Could ypu please explain and paraphrase the last part of the sentence.

The whole sentence: "Colin Firth gives a warm and sympathetic performance as Bertie, the Duke Of York, an introverted and uncomfortable stammerer, bullied by his father George V, played by Michael Gambon, and overshadowed by his charismatic playboy older brother, David, a role dispatched with some style by Guy Pearce, incidentally putting to rest the overpowering memory of Edward Fox in the part."


1 Answer 1


I assume this is about the movie "The King's Speech", although I can't even remember Guy Pearce being in that movie at all. The writer of this critique is confused as Pearce played the character of Prince / King Edward, not David.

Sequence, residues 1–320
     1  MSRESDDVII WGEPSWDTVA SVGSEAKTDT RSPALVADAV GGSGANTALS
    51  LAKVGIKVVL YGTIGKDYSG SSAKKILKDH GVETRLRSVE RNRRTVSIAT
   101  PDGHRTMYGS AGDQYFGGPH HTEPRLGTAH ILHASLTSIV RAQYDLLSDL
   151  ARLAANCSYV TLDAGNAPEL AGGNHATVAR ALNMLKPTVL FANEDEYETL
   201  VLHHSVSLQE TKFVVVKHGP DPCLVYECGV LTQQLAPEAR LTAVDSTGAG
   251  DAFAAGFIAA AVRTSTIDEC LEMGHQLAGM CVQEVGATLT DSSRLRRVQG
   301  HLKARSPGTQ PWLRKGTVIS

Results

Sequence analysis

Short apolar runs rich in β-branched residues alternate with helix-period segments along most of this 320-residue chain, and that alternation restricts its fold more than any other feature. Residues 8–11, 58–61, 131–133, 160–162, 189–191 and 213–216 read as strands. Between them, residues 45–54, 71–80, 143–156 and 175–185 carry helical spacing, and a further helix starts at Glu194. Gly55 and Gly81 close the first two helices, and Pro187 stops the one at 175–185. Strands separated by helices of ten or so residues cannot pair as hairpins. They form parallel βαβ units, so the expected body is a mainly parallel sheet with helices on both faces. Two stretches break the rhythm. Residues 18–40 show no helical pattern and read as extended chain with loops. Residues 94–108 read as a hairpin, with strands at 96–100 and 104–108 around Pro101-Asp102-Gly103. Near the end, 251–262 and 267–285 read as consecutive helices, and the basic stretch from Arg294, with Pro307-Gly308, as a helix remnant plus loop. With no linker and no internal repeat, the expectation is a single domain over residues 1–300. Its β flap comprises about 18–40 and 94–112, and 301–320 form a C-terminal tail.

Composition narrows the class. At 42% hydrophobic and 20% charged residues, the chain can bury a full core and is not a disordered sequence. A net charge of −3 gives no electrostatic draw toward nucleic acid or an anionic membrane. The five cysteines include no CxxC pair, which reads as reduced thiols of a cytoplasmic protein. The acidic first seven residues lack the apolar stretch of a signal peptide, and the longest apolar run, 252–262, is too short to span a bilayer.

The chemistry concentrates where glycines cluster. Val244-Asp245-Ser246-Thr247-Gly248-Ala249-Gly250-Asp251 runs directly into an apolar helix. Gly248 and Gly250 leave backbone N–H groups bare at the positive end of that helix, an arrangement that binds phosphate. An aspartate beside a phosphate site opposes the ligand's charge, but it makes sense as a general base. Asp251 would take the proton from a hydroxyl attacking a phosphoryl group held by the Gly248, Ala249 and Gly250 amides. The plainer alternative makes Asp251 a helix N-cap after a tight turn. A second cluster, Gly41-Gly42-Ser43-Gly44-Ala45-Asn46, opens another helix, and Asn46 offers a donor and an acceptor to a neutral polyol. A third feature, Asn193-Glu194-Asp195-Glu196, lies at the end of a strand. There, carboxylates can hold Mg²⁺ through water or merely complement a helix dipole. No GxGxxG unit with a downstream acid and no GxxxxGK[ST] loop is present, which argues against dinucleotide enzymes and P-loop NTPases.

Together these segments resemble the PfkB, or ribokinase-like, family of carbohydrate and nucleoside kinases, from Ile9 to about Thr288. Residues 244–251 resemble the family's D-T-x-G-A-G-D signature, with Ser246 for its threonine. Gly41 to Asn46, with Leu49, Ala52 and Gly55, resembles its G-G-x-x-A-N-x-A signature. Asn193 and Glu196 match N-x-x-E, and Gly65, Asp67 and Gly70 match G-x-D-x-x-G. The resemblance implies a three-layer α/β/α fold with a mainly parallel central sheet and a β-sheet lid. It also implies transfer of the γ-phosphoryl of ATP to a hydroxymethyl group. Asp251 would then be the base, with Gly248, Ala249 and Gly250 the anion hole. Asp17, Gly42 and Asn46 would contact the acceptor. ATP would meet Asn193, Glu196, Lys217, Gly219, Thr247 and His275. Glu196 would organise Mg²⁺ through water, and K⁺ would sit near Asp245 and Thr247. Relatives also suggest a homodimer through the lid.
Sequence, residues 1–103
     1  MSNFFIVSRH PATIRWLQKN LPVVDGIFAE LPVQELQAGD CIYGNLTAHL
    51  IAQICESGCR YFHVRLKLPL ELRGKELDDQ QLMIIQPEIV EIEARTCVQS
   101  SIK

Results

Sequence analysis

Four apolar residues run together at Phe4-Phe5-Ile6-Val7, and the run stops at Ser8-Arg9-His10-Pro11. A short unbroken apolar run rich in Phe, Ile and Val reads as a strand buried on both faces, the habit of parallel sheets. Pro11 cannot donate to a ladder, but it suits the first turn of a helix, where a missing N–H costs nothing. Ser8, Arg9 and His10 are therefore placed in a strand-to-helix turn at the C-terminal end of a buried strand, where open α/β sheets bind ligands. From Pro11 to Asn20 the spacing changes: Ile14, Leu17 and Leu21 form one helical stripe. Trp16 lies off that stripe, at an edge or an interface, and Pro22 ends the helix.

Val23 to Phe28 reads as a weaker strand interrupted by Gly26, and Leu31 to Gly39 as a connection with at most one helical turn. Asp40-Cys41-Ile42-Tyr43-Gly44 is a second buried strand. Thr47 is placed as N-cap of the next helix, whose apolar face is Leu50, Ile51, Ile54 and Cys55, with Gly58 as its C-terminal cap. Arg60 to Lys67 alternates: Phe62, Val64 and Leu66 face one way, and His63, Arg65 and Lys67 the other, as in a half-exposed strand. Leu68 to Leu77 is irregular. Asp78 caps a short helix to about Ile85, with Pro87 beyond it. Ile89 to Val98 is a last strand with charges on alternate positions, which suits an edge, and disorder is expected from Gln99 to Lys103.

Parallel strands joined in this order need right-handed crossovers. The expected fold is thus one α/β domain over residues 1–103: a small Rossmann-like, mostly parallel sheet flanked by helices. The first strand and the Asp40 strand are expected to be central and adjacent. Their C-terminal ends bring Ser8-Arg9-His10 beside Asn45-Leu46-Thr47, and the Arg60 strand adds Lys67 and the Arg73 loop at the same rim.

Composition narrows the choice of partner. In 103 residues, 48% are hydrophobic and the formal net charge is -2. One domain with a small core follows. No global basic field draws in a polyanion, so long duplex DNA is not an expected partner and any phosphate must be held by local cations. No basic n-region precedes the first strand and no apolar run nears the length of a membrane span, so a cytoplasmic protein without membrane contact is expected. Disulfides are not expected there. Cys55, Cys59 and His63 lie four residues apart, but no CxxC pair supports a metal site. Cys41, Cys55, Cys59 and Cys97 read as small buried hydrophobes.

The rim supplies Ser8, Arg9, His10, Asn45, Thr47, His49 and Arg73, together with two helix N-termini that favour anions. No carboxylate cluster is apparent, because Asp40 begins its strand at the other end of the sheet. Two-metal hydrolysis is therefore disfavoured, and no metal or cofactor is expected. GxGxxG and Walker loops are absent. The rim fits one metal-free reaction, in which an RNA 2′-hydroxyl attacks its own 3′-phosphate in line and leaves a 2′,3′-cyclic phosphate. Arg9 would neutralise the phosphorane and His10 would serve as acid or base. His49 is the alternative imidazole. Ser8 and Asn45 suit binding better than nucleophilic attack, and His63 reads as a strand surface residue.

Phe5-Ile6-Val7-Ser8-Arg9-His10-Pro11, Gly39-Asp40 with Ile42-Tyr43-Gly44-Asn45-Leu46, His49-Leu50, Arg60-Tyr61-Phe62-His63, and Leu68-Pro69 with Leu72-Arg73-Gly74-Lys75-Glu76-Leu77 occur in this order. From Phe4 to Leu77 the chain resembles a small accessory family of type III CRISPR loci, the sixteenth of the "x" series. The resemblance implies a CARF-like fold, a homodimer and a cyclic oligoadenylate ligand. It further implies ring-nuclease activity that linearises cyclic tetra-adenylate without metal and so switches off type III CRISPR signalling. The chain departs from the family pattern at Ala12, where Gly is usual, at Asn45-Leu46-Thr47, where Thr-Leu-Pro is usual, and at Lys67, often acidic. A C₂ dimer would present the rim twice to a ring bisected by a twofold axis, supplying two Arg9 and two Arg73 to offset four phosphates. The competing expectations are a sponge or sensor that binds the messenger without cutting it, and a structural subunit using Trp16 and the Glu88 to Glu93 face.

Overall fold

In this context "dispatched" means "acted". To "dispatch" something can mean "to do it casually, and almost effortlessly," although there are only a few limited contexts where this doesn't sound odd.

She woke up early and dispatched her usual chores with such efficiency that she found she had the entire afternoon free.

Previously an actor named Edward Fox played the same character in a BBC series called "Edward & Mrs. Simpson", apparently so memorably that most people associated him with that role. However, apparently, Pearce acts so well in "The King's Speech" that the writer now thinks his is the better rendition.

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